**Sign test for paired data:**

For example, if you have paired data (eg. 'before' and 'after') for the sample individuals, you can use a sign test to test whether the differences between the 'before' and 'after' values tend to be positive or negative (the null hypothesis is that there is an equal number of negative and positive differences).

For example:

> x1 <- c(488, 478, 480, 426, 440, 410, 458, 460)

> x2 <- c(484, 478, 492, 444, 436, 398, 464, 476)

> difference <- x1 - x2

[1] 4 0 -12 -18 4 12 -6 -16

> library("BSDA")

> SIGN.test(difference, md=0, alternative = "less")

s = 3, p-value = 0.5

Here three of the differences are positive (4, 4, 12), so the test statistic is 3. There are 7 non-zero differences. Assuming that + and - signs have equal probability, the distribution of the number of + signs out of 7 is

*B*(7, 0.5). We can calculate the

*P*-value for a one-sided test as the probability of observing 3 or fewer positive signs out of 7:

> pbinom(3, size=7, p=0.5)

[1] 0.5

This agrees with the result from SIGN.test().

For this one-sided test, the null hypothesis is that the number of + and - signs are equal, and the alternative hypothesis is that there are less + signs than - signs.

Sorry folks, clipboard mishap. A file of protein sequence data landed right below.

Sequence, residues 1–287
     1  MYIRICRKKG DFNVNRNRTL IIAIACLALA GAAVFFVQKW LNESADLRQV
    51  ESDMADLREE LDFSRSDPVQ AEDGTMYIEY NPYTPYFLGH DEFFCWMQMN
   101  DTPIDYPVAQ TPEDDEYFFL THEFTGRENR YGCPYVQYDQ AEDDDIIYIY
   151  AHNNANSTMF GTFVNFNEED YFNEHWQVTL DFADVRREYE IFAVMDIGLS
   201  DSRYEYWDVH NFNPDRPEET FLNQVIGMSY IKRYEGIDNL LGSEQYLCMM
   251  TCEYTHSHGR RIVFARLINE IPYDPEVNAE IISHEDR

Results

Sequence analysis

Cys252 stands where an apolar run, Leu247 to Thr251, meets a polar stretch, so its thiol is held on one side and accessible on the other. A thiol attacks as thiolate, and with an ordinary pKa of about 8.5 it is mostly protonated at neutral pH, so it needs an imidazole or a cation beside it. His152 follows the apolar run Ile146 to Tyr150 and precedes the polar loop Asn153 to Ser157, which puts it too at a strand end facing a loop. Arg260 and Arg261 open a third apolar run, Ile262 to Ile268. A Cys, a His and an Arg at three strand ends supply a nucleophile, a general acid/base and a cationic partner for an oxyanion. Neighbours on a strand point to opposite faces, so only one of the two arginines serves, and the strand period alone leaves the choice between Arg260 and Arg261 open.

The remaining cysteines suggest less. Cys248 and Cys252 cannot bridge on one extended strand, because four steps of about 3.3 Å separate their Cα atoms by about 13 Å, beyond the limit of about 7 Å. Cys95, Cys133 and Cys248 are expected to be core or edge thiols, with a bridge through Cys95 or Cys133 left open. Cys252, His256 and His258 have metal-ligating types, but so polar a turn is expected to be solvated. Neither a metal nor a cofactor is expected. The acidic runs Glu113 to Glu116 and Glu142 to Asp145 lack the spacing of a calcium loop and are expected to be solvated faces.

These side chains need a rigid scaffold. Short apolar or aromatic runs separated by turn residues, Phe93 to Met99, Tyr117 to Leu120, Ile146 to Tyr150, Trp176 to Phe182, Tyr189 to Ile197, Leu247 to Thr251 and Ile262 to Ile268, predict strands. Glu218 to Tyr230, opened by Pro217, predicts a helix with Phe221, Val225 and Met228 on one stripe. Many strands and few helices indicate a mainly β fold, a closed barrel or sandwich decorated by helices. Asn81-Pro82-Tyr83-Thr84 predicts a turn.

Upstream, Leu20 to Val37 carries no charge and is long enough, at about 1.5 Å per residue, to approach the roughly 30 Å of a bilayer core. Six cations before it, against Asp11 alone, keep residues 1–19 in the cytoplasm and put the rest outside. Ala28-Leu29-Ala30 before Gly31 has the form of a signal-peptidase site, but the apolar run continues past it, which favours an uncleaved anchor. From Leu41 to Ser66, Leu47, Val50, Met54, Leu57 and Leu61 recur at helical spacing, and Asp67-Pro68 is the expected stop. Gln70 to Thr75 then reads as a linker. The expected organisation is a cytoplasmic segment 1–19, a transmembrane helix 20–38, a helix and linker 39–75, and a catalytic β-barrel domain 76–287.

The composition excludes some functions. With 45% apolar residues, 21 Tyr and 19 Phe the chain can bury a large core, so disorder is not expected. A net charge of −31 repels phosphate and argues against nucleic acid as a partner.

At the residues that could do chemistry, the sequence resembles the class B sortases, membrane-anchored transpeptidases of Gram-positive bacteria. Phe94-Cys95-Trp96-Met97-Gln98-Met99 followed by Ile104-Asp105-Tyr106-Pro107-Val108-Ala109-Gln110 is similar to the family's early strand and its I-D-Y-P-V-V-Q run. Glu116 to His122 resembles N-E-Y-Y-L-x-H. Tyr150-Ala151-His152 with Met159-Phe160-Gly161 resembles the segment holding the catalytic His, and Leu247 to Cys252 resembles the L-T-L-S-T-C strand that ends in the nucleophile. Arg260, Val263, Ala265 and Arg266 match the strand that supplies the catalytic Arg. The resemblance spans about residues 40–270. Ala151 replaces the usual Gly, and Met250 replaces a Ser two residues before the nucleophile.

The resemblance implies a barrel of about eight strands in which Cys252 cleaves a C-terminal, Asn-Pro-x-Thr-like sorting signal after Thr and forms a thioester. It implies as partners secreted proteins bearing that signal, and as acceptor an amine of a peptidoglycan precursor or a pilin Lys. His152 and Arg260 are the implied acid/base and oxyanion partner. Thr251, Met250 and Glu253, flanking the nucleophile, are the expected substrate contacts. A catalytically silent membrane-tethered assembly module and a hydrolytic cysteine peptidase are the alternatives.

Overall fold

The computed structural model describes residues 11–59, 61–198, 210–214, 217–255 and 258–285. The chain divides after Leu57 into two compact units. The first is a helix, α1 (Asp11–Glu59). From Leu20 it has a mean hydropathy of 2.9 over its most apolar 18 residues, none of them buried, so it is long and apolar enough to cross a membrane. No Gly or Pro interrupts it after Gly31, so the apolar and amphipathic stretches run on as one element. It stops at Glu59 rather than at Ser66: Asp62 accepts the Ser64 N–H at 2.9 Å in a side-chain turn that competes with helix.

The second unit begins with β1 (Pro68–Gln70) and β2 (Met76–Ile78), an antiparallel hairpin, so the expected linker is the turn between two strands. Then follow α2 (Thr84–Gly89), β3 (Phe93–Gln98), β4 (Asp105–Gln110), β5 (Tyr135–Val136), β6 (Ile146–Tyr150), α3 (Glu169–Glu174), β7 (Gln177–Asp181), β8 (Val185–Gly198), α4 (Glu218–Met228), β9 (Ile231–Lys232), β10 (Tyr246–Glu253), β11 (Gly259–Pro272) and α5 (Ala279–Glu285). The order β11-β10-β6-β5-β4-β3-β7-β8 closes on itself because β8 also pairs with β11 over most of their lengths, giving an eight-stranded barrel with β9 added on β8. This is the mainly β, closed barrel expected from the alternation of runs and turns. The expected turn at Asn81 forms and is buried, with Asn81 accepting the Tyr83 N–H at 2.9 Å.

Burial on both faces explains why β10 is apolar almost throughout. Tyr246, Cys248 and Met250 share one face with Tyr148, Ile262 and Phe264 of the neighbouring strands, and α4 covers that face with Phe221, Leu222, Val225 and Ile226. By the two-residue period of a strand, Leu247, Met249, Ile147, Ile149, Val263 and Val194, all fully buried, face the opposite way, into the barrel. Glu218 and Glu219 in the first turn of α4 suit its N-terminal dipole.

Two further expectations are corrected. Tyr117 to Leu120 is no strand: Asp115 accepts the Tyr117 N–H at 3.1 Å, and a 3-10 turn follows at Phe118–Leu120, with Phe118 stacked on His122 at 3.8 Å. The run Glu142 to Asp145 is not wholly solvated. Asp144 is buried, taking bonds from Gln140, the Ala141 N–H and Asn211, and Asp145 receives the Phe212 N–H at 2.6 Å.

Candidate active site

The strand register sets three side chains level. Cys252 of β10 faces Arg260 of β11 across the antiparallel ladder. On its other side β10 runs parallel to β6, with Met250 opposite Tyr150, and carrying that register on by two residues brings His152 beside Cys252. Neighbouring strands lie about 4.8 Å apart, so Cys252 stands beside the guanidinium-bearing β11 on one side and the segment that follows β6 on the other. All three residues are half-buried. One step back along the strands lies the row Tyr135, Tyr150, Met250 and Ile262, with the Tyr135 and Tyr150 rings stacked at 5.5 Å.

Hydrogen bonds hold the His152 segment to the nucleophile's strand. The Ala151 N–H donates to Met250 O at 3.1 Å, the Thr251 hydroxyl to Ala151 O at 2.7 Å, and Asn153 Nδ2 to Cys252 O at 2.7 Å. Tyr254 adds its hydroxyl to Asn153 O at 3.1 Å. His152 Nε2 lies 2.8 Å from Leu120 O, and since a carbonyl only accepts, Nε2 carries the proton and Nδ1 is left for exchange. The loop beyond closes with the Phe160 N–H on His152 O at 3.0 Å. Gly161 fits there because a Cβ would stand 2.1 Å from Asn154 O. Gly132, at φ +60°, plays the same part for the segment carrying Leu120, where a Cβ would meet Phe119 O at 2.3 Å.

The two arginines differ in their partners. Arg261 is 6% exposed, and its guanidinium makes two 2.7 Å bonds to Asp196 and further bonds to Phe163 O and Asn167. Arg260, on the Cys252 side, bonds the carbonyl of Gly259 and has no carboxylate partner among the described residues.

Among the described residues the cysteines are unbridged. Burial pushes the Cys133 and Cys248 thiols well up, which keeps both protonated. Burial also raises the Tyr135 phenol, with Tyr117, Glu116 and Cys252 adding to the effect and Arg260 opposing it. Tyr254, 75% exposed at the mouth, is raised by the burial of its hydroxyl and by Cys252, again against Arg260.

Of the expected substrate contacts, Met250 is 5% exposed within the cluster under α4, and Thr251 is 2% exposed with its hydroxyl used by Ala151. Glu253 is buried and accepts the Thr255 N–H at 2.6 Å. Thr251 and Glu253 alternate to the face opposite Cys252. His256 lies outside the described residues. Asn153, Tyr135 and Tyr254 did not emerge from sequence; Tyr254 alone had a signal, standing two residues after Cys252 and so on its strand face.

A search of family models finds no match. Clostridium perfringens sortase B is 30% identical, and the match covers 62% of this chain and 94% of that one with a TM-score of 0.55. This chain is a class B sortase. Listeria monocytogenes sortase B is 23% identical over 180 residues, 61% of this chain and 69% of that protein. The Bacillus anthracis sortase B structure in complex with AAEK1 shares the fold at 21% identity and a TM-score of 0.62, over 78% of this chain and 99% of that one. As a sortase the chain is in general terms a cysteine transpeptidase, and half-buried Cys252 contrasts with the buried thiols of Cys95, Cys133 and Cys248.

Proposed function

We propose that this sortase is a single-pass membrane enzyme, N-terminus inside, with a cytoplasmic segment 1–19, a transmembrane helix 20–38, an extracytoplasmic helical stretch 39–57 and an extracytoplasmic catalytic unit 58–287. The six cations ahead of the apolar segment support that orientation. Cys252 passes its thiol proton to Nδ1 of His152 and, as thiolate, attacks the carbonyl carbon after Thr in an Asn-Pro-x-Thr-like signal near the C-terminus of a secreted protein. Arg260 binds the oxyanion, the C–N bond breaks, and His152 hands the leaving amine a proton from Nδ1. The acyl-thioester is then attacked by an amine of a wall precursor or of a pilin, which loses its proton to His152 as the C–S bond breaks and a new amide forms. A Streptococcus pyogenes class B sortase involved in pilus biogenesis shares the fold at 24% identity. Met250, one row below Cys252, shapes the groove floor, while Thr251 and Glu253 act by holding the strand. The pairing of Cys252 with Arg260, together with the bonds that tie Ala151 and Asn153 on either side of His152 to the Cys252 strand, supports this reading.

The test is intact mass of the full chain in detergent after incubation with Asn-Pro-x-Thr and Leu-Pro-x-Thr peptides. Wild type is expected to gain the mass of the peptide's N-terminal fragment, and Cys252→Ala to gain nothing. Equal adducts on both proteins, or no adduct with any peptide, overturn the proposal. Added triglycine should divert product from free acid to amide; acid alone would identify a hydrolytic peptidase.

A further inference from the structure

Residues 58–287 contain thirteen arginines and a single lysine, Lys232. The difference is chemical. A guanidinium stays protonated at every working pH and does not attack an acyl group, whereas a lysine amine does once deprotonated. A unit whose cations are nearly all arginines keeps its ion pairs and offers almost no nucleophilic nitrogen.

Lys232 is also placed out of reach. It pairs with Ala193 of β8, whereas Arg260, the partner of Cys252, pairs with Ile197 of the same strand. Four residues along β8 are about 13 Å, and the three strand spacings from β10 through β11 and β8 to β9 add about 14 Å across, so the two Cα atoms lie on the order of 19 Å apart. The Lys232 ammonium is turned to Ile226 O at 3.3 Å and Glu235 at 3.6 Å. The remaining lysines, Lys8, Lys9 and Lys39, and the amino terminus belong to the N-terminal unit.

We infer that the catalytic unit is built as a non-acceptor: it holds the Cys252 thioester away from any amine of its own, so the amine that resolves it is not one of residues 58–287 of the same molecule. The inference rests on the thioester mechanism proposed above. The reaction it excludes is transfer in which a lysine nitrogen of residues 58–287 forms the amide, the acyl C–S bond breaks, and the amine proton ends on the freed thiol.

**Sign test for non-paired data:**

We can also use a sign test for non-paired data, to test whether the population median is equal to some specified value

*m*. To do this, we subtract

*m*from all the values in the sample, and then carry out a sign test on the remainders.

For example, say we want to test whether the population median is equal to

*m*=0.618:

> x <- c(0.693, 0.654, 0.662, 0.615, 0.690, 0.601, 0.570, 0.576, 0.749, 0.670, 0.672, 0.606, 0.628, 0.611, 0.609, 0.553, 0.844, 0.933)

[1] 0.075 0.036 0.044 -0.003 0.072 -0.017 -0.048 -0.042 0.131 0.052 0.054 -0.012 0.010 -0.007 -0.009

[16] -0.065 0.226 0.315

Here there are 11 remainders (out of 18) that are greater than 0 so the test statistic is 11.

> remainders <- x - 0.618

> library("BSDA")

> SIGN.test(remainders, md=0, alternative = "greater")s = 11, p-value = 0.2403

For this one-sided test, the null hypothesis is that the number of + and - signs are equal, and the alternative hypothesis is that there are more + signs than - signs.

If we wanted to carry out a two-sided test, we would type:

> SIGN.test(remainders, md=0, alternative = "two.sided")

s = 11, p-value = 0.4807

For this two-sided test, the null hypothesis is that the number of + and - signs are equal, and the alternative hypothesis is that the number of + and - signs are not equal.

Assuming that + and - signs have equal probability, the distribution of the number of + signs out of 18 is

*B*(18, 0.5). We can calculate the

*P*-value for a one-sided test as the probability of observing 11 or greater positive signs out of 18:

> 1 - pbinom(10, size=18, p=0.5)

[1] 0.2403412

This agrees with the result from SIGN.test().

The

*P*-value for a two-sided test is twice the P-value from the one-sided test:

> 0.2403412*2

0.4806824

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